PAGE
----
« Last Edit: December 25, 2005, 03:57:35 PM by glenn-k »

Daddymem

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Re: Tooling up for the job...
« Reply #35 on: December 26, 2005, 02:56:22 PM »
I'm thinking some blasting some Sigur Ros whilst constructing would produce...um...interesting results.

glenn-k

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Re: Tooling up for the job...
« Reply #36 on: December 26, 2005, 03:55:35 PM »
Gotta admit I never heard of them but thats the kind of stuff I like.  It sounds like work music. :)

They even let you try it on for size.  

http://www.artistdirect.com/nad/music/artist/card/0,,937148,00.html

Click  --Takk - Full album stream

Daddymem

  • Guest
Re: Tooling up for the job...
« Reply #37 on: December 26, 2005, 04:12:20 PM »
Their videos are mind blowing...ahem, when you are swinging that hammer on that victoria's cottage (http://www.jshow.com/y2k/listings/44.html) it really helps. :D
http://www.sigur-ros.co.uk/media/dldvideo.php
and their art too
http://www.sigur-ros.co.uk/media/art.php
would fit right in on the walls of a builder's cottage (http://www.countryplans.com/cottage1.html)  :D
« Last Edit: December 26, 2005, 04:16:37 PM by Daddymem »

glenn-k

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Re: Tooling up for the job...
« Reply #38 on: December 26, 2005, 05:08:49 PM »
Yeah- CYA Daddymem, with that new tool belt while viewing their video from my computer projector on the nice new white siding of the Grandfathers Cottage.

SSssss-- thanks for the link.  Boy these projects really wear you out, eh, Daddymem?

JRR

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Re: Tooling up for the job...
« Reply #39 on: January 11, 2006, 06:29:31 PM »
Along the "music for the work site" theme ...

My youngest recently gave me a copy of "The best of Steve Forbert: What kind of guy am I?" ... (I do recommend this disc).  I had never heard of this person, but did enjoy the disc very much ... drove my wife crazy by playing it over and over.

Later we had the chance to see him in concert ... an amazing talent!
http://www.steveforbert.com/DISCOGRAPHY/BestofPage.htm


glenn-k

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Re: Tooling up for the job...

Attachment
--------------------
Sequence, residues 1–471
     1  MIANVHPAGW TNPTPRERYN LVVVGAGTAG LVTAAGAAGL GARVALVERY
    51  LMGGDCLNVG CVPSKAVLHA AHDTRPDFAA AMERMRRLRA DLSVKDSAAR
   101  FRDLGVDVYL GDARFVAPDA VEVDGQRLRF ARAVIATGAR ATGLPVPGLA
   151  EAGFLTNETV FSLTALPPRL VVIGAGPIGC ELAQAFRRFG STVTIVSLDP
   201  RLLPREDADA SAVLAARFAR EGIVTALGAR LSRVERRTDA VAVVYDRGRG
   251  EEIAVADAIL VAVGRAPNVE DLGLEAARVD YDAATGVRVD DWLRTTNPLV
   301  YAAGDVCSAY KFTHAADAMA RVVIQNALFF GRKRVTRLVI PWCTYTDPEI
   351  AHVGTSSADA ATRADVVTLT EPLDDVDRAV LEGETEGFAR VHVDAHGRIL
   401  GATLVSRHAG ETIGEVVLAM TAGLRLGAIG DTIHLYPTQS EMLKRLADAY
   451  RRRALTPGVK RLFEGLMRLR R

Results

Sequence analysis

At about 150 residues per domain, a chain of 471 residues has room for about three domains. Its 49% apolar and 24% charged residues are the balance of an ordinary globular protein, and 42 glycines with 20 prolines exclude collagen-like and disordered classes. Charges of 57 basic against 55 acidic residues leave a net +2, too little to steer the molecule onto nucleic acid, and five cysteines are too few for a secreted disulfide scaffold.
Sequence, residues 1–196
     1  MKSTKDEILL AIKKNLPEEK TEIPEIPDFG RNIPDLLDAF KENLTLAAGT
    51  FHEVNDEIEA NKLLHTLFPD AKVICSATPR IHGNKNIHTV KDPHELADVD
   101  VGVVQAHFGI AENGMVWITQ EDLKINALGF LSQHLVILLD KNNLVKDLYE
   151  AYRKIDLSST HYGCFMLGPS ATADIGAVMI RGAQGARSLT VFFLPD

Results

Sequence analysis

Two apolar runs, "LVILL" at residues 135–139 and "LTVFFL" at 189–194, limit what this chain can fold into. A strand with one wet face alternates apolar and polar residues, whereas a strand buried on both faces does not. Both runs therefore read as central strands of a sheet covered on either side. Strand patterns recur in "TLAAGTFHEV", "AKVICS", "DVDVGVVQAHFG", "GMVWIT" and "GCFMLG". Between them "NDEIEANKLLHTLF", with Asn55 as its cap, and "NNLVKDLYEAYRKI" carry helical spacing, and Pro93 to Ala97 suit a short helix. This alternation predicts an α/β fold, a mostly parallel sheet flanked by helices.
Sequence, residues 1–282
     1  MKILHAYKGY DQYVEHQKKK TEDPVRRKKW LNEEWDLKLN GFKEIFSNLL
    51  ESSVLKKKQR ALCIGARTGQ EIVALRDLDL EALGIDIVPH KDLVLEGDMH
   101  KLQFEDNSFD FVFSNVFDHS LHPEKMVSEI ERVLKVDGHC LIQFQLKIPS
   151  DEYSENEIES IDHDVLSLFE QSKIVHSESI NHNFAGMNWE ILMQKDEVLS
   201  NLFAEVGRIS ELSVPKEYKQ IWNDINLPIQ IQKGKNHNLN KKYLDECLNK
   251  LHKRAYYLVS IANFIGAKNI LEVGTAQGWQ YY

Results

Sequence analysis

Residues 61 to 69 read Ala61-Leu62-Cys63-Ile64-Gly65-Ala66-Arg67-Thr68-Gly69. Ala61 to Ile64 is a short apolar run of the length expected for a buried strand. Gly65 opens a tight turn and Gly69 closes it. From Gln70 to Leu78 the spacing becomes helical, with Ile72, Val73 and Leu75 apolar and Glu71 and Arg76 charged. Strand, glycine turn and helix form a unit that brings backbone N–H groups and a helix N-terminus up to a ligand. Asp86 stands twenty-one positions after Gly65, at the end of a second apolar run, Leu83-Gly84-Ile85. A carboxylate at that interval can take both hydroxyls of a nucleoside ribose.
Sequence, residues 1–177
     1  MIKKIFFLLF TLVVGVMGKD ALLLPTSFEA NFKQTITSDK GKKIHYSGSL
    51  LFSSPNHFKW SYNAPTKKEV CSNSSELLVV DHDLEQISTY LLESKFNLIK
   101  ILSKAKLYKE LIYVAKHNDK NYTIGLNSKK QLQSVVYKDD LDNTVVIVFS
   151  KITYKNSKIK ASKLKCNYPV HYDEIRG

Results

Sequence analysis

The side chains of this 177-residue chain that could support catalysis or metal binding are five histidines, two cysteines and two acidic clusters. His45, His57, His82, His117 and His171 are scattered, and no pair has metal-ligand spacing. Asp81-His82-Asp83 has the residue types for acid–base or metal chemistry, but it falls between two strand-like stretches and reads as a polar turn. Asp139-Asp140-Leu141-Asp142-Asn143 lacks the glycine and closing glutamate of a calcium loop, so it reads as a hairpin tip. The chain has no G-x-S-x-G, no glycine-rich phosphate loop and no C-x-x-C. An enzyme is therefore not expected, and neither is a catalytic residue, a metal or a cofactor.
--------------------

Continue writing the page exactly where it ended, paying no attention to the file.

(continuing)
« Reply #40 on: January 11, 2006, 07:16:17 PM »
Thanks, JRR - I checked out the samples - kind of a Bob Seeger without the yelling.  I think I could hammer to that.

Offline Amanda_931

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Re: Tooling up for the job...
« Reply #41 on: January 12, 2006, 04:35:09 PM »
I haven't set up any music at the barn for a good long while, but I think I may drive a bit better when I'm listening to books or music in the car--something that is interesting enough for me to pay some attention to and not get lost in thought and, ahem, drive right by my own driveway.

Think it would have to be music, can't imagine hammering and missing something in a book.


Offline glenn kangiser

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Re: Tooling up for the job...
« Reply #42 on: January 12, 2006, 06:59:29 PM »
I've done that before, Amanda, but the last time it wasn't my fault - grids of roads every 1/2 mile in the valley - kids think its cool to steal signs - sometimes the county guys don't know where they are - they put the wrong sign on my street - I thought I had passed it by 2 miles. :-/

A few years ago they took a stop sign and some people died so I don't have too much use for the little pranksters.  
"Always work from the general to the specific." J. Raabe

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Offline Amanda_931

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Re: Tooling up for the job...
« Reply #43 on: January 12, 2006, 08:19:59 PM »
Road signs don't last long here, either, nor mile marker signs.

Although for some reason church signs do.  So we tend to give instructions--turn as if to go to the Pope Chapel Methodist Church or whatever, then about five miles.

I've never stolen signs, although once we gave a party for a friend leaving the country, changed all the street names from his house to ours (paper hinged and hung over the originals).

Offline Jens

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Re: Tooling up for the job...
« Reply #44 on: January 14, 2006, 08:03:29 PM »
I'm usually the "chipper" guy on the job site that everybody tells"Shut up!  Stop singing!", even when the radio is on!  Their problem, not mine.  Definately makes the work go faster.  

Essential for framing: